Here is my solution. Call the problem I started with `the difficult problem’ and consider a variant which I call `the easy problem’. Let {r=p/(p+\sqrt{p(1-p)}} so that {r^2/(1-r)^2=p/1-p}. In the easy problem there are again two coins but this time the red coin is {P_1} with probability {r} and {P_2} with probability {1-r} and, independently, the green coin is {P_1} with probability {(1-r)} and {P_2} with probability {r}. The easy problem is easy because it is a bandit problem. We have to keep track of beliefs {p_r} and {p_g} about the red coin and the green coin ({p_r} is the probability that the red coin is {P_1}), starting with {p_r={r}} and {p_g=(1-r)}, and when we toss the red coin we update {p_r} but keep {p_g} fixed. It is easy to see that the Gittins index of an arm is a monotone function of the belief that the arm is {P_1} so the optimal strategy is to play red when {p_r\ge p_g} and green when {p_g\ge p_r}. In particular, the optimal action in the first period is red when {p\ge 1/2} and green when {p\le 1/2}.

Now here comes the trick. Consider a general strategy {g} that assigns to every finite sequence of past actions and outcomes an action (red or green). Denote by {V_d(g)} and {V_e(g)} the rewards that {g} gives in the difficult and easy problems respectively. I claim that

\displaystyle \begin{array}{rcl} &V_e(g)=r(1-r) \cdot P_1/(1-\beta)+ \\ &r(1-r) \cdot P_2/(1-\beta) + (r^2+(1-r)^2) V_d(g).\end{array}

Why is that ? in the easy problem there is a probability {r(1-r)} that both coins are {P_1}. If this happens then every {g} gives payoff {P_1/(1-\beta)}. There is a probability {r(1-r)} that both coins are {P_2}. If this happens then every {g} gives payoff {P_2/(1-\beta)}. And there is a probability {r^2+(1-r)^2} that the coins are different, and, because of the choice of {r}, conditionally on this event the probability of {G} being {P_1} is {p}. Therefore, in this case {g} gives whatever {g} gives in the difficult problem.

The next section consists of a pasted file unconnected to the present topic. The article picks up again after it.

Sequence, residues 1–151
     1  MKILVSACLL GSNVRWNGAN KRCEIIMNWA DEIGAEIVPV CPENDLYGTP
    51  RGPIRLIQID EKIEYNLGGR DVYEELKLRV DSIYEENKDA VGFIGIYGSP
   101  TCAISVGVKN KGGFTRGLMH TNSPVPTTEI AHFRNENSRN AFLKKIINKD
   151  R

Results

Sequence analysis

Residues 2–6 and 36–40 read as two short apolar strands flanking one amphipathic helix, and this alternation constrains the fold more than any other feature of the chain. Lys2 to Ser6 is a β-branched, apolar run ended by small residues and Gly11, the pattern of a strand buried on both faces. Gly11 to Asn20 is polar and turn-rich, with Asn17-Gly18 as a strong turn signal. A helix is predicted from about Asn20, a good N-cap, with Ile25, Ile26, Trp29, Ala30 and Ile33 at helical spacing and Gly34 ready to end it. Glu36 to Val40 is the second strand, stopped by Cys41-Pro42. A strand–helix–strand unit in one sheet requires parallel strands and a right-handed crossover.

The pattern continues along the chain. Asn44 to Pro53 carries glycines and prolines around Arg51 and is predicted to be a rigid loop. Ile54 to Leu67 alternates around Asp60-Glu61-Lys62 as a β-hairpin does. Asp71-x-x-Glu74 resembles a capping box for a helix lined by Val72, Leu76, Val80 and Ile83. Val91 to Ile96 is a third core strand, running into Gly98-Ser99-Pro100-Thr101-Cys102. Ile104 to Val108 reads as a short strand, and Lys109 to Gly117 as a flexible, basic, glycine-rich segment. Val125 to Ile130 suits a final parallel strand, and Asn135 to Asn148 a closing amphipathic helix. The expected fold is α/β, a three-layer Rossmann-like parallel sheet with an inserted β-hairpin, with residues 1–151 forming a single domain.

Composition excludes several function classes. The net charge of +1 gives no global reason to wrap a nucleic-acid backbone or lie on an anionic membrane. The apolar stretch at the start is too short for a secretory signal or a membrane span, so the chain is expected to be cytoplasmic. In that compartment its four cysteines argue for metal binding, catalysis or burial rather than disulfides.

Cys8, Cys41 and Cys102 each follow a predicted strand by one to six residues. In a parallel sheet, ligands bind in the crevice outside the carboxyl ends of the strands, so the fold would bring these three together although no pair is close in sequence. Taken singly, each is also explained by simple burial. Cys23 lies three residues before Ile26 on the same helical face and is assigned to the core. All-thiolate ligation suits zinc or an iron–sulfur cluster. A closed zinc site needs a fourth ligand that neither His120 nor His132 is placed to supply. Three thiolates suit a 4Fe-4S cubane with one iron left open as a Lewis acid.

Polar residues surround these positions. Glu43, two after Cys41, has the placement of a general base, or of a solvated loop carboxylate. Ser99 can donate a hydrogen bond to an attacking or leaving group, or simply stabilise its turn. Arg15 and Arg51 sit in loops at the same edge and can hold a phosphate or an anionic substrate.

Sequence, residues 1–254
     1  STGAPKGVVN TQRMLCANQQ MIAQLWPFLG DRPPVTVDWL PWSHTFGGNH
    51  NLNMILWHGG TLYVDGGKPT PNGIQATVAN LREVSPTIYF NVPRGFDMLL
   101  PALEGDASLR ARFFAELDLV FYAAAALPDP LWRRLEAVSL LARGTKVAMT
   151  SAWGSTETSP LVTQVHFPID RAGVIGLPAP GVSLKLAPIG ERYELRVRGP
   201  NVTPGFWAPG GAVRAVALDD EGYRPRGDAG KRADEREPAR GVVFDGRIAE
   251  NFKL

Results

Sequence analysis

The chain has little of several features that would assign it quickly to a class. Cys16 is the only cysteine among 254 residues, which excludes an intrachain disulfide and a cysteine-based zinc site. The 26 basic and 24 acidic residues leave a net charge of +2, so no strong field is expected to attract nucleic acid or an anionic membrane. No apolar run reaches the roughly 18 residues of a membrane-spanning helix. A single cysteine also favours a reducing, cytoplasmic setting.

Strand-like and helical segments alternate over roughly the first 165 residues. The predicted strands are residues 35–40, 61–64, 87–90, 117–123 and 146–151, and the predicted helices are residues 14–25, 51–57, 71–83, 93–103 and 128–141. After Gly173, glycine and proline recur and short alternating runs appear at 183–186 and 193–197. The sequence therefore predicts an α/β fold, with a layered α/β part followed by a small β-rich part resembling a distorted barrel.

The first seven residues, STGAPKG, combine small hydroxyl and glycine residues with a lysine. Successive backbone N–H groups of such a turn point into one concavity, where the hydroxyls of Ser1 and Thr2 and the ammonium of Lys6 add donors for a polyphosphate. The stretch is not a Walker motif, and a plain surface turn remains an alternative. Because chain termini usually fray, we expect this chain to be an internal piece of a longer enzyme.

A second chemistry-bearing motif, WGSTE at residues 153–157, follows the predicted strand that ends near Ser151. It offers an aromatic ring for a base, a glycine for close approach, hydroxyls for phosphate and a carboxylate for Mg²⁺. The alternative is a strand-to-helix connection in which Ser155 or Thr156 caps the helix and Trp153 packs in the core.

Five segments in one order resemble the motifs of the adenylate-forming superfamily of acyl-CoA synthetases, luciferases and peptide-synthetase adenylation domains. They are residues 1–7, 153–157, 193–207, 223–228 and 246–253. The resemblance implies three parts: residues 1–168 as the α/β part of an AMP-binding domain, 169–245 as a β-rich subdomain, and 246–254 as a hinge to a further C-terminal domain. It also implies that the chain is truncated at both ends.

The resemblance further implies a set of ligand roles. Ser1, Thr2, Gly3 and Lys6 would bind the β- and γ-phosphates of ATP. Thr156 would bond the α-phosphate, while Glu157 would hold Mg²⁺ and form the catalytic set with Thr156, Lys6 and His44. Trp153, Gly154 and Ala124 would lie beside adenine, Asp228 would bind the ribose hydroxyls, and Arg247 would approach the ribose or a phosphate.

So, the payoff in the easy problem is a linear function of the payoff in the difficult problem. Therefore the optimal strategy in the difficult problem is the same as the optimal strategy in the easy problem. In particular, we just proved that, for every {p}, the optimal action in the first period is red when {p\ge 1/2} and green with {p\le 1/2}. Now back to the dynamic programming formulation, from standard arguments it follows that the optimal strategy is to keep doing it forever, i.e., at every period to toss the coin that is more likely to be the {P_1} coin given the current information.

See why I said my solution is tricky and specific ? it relies on the fact that there are only two arms (the fact that the arms are coins is not important). Here is a problem whose solution I don’t know:

Question 2 Let {0 \le P_1 < P_2 < ... < P_n \le 1}. We are given {n} coins, one of each parameter, all {n!} possibilities equally likely. Each period we have to toss a coin and we get payoff {1} for Heads. What is the optimal strategy ?